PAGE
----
Outside Music, Inside Voices
by Garrison Fewell
Saturn University Press
I view spirituality as a quest for a flexible divinity who can offer comfort if not salvation yet doesn’t demand you attend Voter Meetings or Bible Study. Author Garrison Fewell uses it differently; he sees it as an explanation for what happens when musicians and other artists improvise: they make up something new and transient on the spot, not to be recorded and not likely to ever be heard again. In this massive volume he interviews over two dozen jazz musicians, and begins each conversation with a question along the lines of “What do you see is the relationship between spirituality and improvisation?” The answers are as varied as the interviewees: Wadada Leo Smith sees it as an event trapped in a specific time and location, Pheeroan AkLaff sees it as searching for both known and unknown information and Baikida Carrol finds improvisation connects himself to himself. All valid, and all expanded upon in details that are beyond this short review.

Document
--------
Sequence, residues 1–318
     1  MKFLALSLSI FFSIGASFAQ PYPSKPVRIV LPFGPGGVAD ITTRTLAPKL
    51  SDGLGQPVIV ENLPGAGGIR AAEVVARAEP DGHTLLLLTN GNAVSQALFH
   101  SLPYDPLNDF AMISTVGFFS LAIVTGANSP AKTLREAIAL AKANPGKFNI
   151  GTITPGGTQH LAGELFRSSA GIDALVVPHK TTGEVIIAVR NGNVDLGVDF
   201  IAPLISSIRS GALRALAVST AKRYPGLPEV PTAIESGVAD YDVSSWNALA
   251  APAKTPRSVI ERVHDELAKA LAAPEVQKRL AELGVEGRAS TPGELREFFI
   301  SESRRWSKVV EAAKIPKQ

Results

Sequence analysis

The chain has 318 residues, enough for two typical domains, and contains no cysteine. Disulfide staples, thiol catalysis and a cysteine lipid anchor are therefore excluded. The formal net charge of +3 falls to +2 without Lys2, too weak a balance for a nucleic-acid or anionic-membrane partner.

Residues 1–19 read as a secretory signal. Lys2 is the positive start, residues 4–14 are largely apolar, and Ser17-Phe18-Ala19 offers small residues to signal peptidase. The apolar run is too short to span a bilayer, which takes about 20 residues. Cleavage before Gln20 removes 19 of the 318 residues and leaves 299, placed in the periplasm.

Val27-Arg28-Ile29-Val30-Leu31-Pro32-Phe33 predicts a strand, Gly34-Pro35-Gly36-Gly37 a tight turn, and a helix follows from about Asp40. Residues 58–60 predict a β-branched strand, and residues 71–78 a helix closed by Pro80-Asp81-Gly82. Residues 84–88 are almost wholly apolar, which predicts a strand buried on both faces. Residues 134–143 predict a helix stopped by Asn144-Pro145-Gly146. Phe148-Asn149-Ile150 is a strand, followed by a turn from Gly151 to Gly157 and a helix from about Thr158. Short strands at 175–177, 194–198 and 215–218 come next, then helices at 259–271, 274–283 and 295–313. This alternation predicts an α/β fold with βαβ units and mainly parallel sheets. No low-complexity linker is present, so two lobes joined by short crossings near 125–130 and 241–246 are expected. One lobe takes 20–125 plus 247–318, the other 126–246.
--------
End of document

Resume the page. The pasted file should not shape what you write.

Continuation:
The texts are in many ways like jazz itself, seeming unstructured but with a purpose needing study to reveal. They can be complicated reads, you feel wound around and disoriented sometimes, yet occasional flutters of “aha!” and o-ho!” and “I feel exactly that way!” appear often enough to give hope of enlightenment. The interviews are foot-noted, half page bios make for a useful appendix, and Fewell’s lengthy introduction set the field for what is to follow. This is a book for the jazz theory fan without the manifestos we so often see, but if you’re not already thinking about jazz on a daily basis, this might be an overwhelming read.